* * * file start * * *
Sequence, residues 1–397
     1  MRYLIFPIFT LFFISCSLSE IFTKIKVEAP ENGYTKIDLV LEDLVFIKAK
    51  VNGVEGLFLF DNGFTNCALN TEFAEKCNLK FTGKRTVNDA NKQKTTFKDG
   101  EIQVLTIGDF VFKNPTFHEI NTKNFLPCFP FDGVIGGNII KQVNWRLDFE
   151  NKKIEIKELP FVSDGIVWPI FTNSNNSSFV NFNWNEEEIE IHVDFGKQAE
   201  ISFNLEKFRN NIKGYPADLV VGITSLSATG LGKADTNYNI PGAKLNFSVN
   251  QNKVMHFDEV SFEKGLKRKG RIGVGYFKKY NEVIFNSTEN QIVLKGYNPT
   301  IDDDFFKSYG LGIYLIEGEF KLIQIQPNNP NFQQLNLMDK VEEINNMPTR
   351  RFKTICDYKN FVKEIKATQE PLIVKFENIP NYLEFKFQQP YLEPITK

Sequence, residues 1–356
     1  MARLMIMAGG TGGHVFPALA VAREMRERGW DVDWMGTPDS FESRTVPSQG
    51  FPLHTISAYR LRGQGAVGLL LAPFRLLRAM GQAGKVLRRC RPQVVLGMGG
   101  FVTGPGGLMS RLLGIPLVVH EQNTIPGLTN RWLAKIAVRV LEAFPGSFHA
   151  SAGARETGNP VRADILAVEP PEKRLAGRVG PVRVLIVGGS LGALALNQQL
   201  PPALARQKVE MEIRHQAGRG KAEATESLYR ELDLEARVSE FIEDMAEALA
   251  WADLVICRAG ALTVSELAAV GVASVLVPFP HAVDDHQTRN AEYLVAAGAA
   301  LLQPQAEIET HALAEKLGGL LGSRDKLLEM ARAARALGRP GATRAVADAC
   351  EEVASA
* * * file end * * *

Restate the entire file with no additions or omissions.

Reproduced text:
Sequence, residues 1–397
     1  MRYLIFPIFT LFFISCSLSE IFTKIKVEAP ENGYTKIDLV LEDLVFIKAK
    51  VNGVEGLFLF DNGFTNCALN TEFAEKCNLK FTGKRTVNDA NKQKTTFKDG
   101  EIQVLTIGDF VFKNPTFHEI NTKNFLPCFP FDGVIGGNII KQVNWRLDFE
   151  NKKIEIKELP FVSDGIVWPI FTNSNNSSFV NFNWNEEEIE IHVDFGKQAE
   201  ISFNLEKFRN NIKGYPADLV VGITSLSATG LGKADTNYNI PGAKLNFSVN
   251  QNKVMHFDEV SFEKGLKRKG RIGVGYFKKY NEVIFNSTEN QIVLKGYNPT
   301  IDDDFFKSYG LGIYLIEGEF KLIQIQPNNP NFQQLNLMDK VEEINNMPTR
   351  RFKTICDYKN FVKEIKATQE PLIVKFENIP NYLEFKFQQP YLEPITK

Sequence, residues 1–356
     1  MARLMIMAGG TGGHVFPALA VAREMRERGW DVDWMGTPDS FESRTVPSQG
    51  FPLHTISAYR LRGQGAVGLL LAPFRLLRAM GQAGKVLRRC RPQVVLGMGG
   101  FVTGPGGLMS RLLGIPLVVH EQNTIPGLTN RWLAKIAVRV LEAFPGSFHA
   151  SAGARETGNP VRADILAVEP PEKRLAGRVG PVRVLIVGGS LGALALNQQL
   201  PPALARQKVE MEIRHQAGRG KAEATESLYR ELDLEARVSE FIEDMAEALA
   251  WADLVICRAG ALTVSELAAV GVASVLVPFP HAVDDHQTRN AEYLVAAGAA
   301  LLQPQAEIET HALAEKLGGL LGSRDKLLEM ARAARALGRP GATRAVADAC
   351  EEVASA